For the first slide, I decided to use the “Fade Through Color” transition. To add a transition, click the slide to select it, then click the Animate button in the upper right corner of the Keynote window. Click “Add an Effect” and a pop-up menu with all of the available transitions appears. Once you’ve selected one, you can change various things like the duration of the transition, when the transition begins, whether or not the transition starts with a click or automatically, and so on.
Here’s an example of what the transition looks like for our first and second slides:
It’s a good idea to click the Preview button for each transition you set up so you can make sure that it fits with the theme of your slideshow. You can always click the “Change” button and try another transition if you don’t like how it looks.
Add a Narration or Soundtrack
To make a slideshow that can be viewed without your physical presence, you’ll want to add a narration. Perhaps the annotations you made on your slides tell the story and just some nice background music will suffice.
Adding a narration is simple: you just use Keynote’s built-in recording feature to record your voice, edit the recording (if necessary), and then add it to your slide.
Click the Media button on the Keynote toolbar (it looks like a small picture), then select Record Audio from the pop-up menu. Record the narration by clicking the red Record button, and speak. When you’re done, click the button again. You now have the option to listen to the recording and edit it by trimming the beginning or end.
If you’d rather add a music soundtrack, click the Media button and select Music. This opens your Music library, at which time you can select a song or songs to accompany your slideshow. For slideshows that are going to be for you or your family, it’s fine to use any song in the library. However, if your slideshow is for public viewing, you’ll need to be cognizant of music copyrights.
There are a number of websites that provide royalty-free music that can be used in videos and slideshows(with proper attribution), such as SoundImage and BenSound. Download the MP3 files you want to use, and remember where you have stored them.
Chances are good that you’ll want the music to play in the background during the entire slideshow rather than just on one slide. To do this, click the Document button at the far right of the toolbar, then click Audio. To add your soundtrack, drag the file to the Soundtrack box in the right sidebar (where it says “Add Audio Files”), and drop it.
See “Record Slideshow” and the “Record…” button in the screenshot above? If you’d like to record a narration for the complete slideshow, here’s where you do it. The narration is layered with the soundtrack so it and the music are heard at the same time.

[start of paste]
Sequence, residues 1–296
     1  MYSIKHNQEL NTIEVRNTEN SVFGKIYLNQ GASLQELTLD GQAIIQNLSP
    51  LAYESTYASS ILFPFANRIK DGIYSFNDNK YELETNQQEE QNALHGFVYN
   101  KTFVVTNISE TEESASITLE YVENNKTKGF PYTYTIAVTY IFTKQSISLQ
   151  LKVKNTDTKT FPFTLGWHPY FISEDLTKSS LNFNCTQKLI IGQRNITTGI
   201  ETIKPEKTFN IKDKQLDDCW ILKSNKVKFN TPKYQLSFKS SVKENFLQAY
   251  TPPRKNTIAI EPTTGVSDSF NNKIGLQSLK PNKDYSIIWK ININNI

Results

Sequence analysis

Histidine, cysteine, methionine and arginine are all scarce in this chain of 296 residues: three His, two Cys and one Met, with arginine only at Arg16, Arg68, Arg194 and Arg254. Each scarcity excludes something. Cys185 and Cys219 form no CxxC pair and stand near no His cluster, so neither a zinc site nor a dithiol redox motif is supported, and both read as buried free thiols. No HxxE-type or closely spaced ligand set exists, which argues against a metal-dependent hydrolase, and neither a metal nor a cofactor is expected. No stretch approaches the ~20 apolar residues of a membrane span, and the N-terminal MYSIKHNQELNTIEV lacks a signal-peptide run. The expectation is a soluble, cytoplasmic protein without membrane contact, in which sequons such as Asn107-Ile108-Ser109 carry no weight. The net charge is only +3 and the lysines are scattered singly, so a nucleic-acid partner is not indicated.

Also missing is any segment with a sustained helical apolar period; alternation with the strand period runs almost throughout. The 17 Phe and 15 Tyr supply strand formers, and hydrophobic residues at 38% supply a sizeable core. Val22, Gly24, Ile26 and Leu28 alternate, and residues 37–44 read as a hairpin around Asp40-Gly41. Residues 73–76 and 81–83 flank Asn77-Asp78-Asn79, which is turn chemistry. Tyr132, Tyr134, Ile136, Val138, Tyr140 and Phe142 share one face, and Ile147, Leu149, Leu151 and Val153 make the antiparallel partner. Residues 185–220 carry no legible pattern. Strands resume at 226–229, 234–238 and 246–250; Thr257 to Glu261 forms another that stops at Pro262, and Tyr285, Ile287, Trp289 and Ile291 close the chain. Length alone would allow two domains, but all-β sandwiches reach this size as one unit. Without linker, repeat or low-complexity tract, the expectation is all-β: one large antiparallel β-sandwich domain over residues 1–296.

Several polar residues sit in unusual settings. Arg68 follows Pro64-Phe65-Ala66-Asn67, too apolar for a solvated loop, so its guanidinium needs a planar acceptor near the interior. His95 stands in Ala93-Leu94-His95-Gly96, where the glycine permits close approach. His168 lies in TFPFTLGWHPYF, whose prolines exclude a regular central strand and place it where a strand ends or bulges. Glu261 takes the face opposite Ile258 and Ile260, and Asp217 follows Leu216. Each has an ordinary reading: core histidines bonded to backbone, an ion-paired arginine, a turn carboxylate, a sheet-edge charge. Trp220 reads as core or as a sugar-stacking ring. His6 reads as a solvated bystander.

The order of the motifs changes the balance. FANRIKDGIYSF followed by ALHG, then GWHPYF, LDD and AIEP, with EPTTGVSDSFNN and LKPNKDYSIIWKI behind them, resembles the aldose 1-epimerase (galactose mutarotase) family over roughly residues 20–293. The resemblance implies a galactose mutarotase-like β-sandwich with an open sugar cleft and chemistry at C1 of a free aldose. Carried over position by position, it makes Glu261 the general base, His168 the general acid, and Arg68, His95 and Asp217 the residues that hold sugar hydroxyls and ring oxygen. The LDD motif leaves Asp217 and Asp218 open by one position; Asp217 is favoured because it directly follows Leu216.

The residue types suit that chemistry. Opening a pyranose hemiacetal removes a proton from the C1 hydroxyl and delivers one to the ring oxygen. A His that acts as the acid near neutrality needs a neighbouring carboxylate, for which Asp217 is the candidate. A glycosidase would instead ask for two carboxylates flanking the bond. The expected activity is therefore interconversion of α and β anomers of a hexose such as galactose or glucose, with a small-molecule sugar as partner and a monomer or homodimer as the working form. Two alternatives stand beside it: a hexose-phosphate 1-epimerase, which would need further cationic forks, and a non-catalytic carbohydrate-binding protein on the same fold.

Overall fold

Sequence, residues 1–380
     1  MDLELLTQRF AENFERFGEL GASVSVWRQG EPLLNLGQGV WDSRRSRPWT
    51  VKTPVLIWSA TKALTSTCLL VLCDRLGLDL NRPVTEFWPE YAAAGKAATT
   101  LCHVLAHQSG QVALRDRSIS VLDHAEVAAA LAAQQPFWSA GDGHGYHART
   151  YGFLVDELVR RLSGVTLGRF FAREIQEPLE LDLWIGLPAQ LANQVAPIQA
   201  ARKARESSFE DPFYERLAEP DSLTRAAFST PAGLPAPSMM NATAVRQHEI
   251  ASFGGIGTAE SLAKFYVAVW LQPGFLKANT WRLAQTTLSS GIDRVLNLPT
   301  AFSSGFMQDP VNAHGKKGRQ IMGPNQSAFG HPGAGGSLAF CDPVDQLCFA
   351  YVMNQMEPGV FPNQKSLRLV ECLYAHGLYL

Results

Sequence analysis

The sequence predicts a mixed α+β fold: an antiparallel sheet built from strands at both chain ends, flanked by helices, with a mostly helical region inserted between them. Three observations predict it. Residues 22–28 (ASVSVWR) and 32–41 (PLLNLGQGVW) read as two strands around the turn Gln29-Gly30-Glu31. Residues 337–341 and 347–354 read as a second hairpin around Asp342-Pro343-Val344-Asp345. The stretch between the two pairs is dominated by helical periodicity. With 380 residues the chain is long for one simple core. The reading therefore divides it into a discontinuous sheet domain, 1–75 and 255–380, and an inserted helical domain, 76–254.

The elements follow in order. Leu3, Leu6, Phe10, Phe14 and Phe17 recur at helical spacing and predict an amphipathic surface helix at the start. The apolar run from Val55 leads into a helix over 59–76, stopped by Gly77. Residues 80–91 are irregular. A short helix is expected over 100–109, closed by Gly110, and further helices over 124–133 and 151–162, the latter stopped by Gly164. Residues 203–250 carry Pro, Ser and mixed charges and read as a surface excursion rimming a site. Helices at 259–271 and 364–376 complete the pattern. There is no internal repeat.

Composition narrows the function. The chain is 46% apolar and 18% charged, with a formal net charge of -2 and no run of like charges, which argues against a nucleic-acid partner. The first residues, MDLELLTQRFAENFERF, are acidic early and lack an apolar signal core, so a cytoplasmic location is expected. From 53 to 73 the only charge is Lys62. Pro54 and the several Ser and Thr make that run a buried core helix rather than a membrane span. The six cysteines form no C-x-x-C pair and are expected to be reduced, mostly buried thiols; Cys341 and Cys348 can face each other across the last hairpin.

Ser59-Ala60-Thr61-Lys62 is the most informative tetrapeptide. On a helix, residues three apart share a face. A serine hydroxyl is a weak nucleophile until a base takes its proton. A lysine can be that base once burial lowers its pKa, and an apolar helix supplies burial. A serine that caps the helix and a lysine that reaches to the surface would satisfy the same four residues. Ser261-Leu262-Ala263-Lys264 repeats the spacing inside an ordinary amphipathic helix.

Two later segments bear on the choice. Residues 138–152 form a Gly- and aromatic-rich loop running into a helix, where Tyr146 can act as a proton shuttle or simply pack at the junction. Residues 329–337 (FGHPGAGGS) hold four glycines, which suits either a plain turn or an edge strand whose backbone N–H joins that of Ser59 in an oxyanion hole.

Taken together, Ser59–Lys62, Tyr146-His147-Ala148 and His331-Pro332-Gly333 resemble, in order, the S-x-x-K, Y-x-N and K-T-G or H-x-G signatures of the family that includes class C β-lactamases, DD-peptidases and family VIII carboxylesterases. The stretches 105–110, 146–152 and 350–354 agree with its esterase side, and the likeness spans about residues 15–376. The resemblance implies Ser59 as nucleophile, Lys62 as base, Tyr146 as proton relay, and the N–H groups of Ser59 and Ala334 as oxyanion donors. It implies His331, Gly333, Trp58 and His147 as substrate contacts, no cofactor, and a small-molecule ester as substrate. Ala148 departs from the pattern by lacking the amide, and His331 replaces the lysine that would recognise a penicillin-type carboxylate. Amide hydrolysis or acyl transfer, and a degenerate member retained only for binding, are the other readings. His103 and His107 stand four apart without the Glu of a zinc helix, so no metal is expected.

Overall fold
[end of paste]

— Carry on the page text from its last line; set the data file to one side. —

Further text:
Make a Self-Playing Slideshow
Remember, if you send the slideshow to another person they may not necessarily know how to get it running. That’s why it’s a good idea to make the slideshow self-playing.
To do this, click the Document tab under the Document toolbar button. Here you can set an automatic delay in transitions and builds, although it’s a much better idea to do this before recording your slideshow narration so everything is synchronized.
There are checkmarks for “Automatically Play Upon Open”, “Loop Slideshow” (which is good if your slideshow will be shown repeatedly on a kiosk), and “Restart show if idle for xx minutes”. These settings are useful if you wish to send a Keynote file to someone with the app and have it play automatically, but for even easier sharing, exporting the slideshow as a movie is preferable.
Export the Slideshow as a Movie
The ultimate in sharing your slideshow comes when you send a movie file that can just be opened and viewed. Let’s export the slideshow.
Select File > Export to > Movie from the menu bar. If you’ve already set up the slideshow as self-playing and have created a recording, then all you need to do is select a video resolution (1080p/HD or 720p/SD), select “Slideshow Recording”, and export the movie.
Haven’t created a recording? Select “Self Playing” instead, choose how long you want to see each slide, and then export the movie. Note that if your soundtrack is longer than the play time for your movie, it will end abruptly! It’s always a good idea to extend the time each slide is viewed so that the visual feast and soundtrack end simultaneously.
Here’s the sample video I’ve been creating for this article. Regardless of how the weather is where you live, or how you’re feeling cooped up in your home, be sure to take time to smell the roses!
The movie can be emailed, sent to another device through AirDrop, viewed on your Apple TV, or even uploaded to YouTube or Vimeo for sharing. Don’t forget, you can share a file or a full folder of videos using iCloud.
Not only is Keynote a great way for you to create presentations for work, but it’s also the best way to create photo slideshows — for free! If you have some spare time on your hands or want to keep the kids busy between online classes, making a Keynote photo slideshow of a treasured family get-together or vacation is fun and easy.